I have a random variable, call it $X$. This is a uniform random variable that is defined on the $[0,1]$ interval. Now consider its transformation $Z$ defined as: $$Z=klog\times(X)$$ where $k$ is a negative real number. I now wish to calculate the distribution function of $Z$. This is what I have done. Now, by definition, $$F_{Z}(Z)\equiv Pr(z\leq Z)=Pr(klog(X)\leq Z)$$ $$=Pr(logX\geq Z/k)=Pr(X\geq 10^Z/k)=1-Pr(X\leq 10^Z/k)$$ $$=1-(10^Z)/k$$

Is this correct?


No. You have a few errors:

  • Usually we use the capitol $Z$ to represent the random variable, so $F_Z(Z) = Pr(Z \le z)$.

  • Your end result is a distribution function, you need to differentiate this to obtain the density

  • The inverse of $\log$ is $\exp$. In statistics, $\log$ is always $\log_e$ not $\log_{10}$.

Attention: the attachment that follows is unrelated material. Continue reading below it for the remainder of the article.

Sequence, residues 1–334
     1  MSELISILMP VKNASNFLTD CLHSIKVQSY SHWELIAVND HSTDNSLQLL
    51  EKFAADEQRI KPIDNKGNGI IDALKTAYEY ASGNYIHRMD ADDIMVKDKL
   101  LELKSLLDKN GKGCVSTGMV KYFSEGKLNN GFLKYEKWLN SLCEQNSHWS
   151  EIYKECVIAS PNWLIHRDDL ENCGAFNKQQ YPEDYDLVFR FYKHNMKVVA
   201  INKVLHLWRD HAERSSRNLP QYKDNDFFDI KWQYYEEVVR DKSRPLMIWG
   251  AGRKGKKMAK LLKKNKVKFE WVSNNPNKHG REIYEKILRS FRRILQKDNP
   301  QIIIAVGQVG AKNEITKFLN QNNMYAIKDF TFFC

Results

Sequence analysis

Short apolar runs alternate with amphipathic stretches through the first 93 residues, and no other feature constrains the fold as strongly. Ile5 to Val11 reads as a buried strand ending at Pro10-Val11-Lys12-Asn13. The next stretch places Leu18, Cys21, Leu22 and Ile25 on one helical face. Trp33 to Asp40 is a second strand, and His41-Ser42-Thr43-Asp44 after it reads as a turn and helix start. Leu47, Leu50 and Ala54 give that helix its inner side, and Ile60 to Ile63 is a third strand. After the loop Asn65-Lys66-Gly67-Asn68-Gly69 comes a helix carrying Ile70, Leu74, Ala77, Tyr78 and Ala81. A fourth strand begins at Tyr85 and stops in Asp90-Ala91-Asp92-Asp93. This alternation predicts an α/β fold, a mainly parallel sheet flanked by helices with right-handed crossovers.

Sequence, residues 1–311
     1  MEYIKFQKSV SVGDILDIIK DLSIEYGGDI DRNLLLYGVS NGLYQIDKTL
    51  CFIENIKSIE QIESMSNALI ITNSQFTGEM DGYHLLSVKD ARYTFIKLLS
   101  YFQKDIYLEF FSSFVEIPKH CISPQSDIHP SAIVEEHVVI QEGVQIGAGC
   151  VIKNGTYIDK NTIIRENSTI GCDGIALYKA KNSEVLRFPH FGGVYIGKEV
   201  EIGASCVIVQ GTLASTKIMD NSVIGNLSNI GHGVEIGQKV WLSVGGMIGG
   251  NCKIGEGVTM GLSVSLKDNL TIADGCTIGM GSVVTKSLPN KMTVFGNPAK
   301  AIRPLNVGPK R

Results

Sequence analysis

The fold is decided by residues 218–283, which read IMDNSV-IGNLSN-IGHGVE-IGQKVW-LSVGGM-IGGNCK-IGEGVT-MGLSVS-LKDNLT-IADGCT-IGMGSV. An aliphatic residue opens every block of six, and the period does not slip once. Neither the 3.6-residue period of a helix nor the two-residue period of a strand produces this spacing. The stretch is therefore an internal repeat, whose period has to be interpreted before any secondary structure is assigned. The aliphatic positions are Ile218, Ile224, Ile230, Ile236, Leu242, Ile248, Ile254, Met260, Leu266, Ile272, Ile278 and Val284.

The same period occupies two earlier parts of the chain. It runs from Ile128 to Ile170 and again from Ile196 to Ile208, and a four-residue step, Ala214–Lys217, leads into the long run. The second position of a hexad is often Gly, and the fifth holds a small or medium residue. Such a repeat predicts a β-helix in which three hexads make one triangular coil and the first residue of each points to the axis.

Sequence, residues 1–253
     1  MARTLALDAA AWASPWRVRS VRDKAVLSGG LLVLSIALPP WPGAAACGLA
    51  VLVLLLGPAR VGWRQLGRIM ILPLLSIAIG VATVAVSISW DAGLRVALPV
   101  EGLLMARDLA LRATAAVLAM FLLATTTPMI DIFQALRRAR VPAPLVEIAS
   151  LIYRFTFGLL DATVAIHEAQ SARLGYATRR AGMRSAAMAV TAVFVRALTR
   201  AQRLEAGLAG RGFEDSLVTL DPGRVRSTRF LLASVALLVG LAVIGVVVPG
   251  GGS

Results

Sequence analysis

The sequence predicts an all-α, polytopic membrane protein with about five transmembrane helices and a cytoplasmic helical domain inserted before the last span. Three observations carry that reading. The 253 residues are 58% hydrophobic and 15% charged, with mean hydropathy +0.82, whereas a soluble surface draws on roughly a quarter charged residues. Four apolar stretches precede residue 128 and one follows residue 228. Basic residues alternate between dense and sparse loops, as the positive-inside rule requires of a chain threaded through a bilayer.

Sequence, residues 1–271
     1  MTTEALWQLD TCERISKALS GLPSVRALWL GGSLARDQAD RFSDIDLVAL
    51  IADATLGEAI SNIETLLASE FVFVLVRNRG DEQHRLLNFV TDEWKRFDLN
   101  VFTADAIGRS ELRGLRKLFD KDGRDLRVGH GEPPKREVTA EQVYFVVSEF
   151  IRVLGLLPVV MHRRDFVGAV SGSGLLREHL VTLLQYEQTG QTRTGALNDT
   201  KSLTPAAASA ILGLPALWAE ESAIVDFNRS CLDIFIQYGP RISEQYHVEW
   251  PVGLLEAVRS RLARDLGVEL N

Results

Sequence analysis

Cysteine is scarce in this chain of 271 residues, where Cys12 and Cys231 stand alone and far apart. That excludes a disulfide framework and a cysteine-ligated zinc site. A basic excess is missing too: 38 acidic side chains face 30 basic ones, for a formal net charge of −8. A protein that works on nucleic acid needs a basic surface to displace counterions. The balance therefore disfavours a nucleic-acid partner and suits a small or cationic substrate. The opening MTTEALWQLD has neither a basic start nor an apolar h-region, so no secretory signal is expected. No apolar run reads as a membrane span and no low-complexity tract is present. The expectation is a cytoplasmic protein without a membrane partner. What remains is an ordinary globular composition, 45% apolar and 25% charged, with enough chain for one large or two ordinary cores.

• $\begingroup$ Thanks..I agree with the first two points. This variable was generated in a programming language, so I am not sure if we are talking about the natural log (depends what the term "log" corresponds to in the specific language) $\endgroup$ – ChinG Feb 23 '16 at 16:32
  • 1
    $\begingroup$ @ChinG well since you're posting on a statistics site, you should write base 10. It's just an exponential variable either way, but your mean is not necessarily $1/k$. $\endgroup$ – AdamO Feb 23 '16 at 16:36

Your Answer

By clicking “Post Your Answer”, you agree to our terms of service, privacy policy and cookie policy

Not the answer you're looking for? Browse other questions tagged or ask your own question.